Correction: The story below misidentifies the buyer of the $63 million loan on the Dream Hotel site. It is Eli Cohen, as reported June 5 by The Real Deal.
Jack Hidary’s Hidrock Properties purchased the debt on the Dream Hotel project just south of Times Square, sources told The Real Deal, putting a big question mark on Sharif El-Gamal and MHP Real Estate Services’ plan to build the hotel.
Hidrock took control of the debt on 560 Seventh Avenue, purchasing the $63 million note from Colony Capital, sources said. It’s an indication the developer plans to take control of the property, where El-Gamal’s Soho Properties, in partnership with Norman Sturner’s MHP and the Chatwal family’s Hampshire Hotels, envisioned a 29-story mixed-use tower with a Dream Hotel. The project was valued at over $300 million.
In an interesting twist, Hidrock is said to have funded the purchase of the note with financing from Michael Dell’s MSD Capital, sources said. MSD participated in the $219 million Sharia-compliant loan El-Gamal landed last year for His 45 Park Place condo project in Tribeca.
It wasn’t clear what Hidrock paid to acquire the debt. Spokespersons for Soho Properties and Colony Capital declined to comment, while representatives for MHP and MSD Capital could not be reached.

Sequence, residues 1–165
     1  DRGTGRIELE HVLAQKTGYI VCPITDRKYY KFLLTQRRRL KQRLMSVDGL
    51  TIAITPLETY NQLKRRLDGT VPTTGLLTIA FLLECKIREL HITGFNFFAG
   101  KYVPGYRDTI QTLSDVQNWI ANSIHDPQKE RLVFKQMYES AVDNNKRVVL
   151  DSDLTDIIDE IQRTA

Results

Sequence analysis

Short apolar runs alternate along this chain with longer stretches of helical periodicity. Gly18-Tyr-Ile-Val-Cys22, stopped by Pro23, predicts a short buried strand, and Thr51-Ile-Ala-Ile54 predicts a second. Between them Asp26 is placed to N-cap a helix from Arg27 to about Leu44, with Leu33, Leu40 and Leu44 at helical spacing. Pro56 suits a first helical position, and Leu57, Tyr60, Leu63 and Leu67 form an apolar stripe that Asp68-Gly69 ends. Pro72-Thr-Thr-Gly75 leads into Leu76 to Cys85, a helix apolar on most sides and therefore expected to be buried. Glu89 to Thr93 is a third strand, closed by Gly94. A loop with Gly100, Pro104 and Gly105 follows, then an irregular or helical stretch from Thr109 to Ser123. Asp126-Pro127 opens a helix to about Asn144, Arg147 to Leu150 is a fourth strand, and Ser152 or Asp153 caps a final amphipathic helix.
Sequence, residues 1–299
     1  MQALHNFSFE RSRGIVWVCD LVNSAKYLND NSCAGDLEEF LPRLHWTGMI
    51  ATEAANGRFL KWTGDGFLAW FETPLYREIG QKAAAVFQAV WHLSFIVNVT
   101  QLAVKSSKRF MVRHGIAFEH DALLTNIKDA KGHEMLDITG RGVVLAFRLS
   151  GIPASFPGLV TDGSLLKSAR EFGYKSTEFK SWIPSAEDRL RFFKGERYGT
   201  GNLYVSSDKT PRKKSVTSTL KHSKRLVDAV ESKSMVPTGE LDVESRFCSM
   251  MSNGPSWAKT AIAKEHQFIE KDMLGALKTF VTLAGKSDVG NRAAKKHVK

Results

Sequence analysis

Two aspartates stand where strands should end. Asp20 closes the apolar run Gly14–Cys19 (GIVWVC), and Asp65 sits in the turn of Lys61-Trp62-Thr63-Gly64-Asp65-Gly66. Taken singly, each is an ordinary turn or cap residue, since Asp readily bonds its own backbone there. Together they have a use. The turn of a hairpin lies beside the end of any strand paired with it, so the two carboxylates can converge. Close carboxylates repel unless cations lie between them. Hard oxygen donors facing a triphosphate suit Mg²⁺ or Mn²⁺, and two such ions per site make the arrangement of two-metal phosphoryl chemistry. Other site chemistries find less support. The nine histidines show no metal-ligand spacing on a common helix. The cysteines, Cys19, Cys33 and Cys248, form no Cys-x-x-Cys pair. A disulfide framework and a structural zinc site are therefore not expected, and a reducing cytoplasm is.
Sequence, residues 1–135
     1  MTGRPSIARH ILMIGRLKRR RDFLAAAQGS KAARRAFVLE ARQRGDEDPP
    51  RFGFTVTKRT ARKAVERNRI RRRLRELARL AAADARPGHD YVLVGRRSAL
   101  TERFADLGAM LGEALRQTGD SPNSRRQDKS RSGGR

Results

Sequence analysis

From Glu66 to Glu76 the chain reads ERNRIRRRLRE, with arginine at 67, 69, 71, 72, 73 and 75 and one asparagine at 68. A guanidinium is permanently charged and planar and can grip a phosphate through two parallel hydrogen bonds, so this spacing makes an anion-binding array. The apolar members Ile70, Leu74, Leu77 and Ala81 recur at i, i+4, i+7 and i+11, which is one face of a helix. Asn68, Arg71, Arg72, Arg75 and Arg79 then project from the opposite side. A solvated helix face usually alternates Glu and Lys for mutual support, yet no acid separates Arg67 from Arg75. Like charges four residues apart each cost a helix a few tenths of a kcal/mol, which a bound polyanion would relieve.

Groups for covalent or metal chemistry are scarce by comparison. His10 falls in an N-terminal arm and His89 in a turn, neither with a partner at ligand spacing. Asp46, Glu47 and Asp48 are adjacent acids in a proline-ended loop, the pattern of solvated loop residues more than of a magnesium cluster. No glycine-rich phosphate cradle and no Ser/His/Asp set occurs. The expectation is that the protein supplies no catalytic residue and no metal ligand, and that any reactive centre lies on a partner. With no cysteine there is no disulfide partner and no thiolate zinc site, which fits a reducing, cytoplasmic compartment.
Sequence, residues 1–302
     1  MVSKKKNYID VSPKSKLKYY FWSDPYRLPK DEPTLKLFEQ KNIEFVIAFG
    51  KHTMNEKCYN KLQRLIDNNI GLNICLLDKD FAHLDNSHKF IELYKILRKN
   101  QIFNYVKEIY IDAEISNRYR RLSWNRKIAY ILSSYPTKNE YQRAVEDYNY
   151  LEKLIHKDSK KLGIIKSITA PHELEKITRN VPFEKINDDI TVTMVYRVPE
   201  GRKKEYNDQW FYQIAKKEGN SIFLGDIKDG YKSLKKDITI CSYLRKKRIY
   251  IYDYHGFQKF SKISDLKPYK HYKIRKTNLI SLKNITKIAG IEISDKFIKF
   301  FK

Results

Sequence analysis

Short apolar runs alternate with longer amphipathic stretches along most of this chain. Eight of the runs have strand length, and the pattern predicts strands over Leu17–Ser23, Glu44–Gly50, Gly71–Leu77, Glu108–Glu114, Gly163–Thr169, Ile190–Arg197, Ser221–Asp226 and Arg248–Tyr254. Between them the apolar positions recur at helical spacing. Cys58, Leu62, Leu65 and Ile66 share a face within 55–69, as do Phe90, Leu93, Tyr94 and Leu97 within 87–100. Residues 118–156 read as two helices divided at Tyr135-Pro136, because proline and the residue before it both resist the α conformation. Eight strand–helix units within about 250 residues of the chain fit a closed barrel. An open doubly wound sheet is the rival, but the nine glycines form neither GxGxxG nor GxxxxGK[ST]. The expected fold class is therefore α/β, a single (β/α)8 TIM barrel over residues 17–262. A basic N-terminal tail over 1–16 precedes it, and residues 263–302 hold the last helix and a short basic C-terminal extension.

Colony made the loan to the partners in 2014, when El-Gamal and MHP teamed up with plans to develop a Dream Hotel with a retail component and a new home for the Garment District Synagogue at the site, which holds nearly 130,000 square feet of development rights.
The partners paid $62.3 million to buy the property in 2014, and then another $9.2 million the next year to buy just under 20,000 square feet of development rights from the Neil Simon Theatre. By Including A Public Plaza, they could add a bonus of roughly 10,000 square feet, which would bring their basis in the project to somewhere around $560 per buildable square foot.
But as the city’s hotel market has struggled through a glut of new rooms, El-Gamal has had difficulty landing construction financing, several sources said. It wasn’t clear if the loan ever went into default, but Colony began looking for buyers to take the debt.
Hidrock, which earlier this year sold its 317-key Courtyard Marriott near the World Trade Center for $206 million, is an experienced hotel developer and could step in to take over the site.
The Durst Organization did something similar last year when it negotiated a deal with Bruce Eichner to buy his East Harlem development site at 1800 Park Avenue after acquiring distressed debt on the property and moving to foreclose.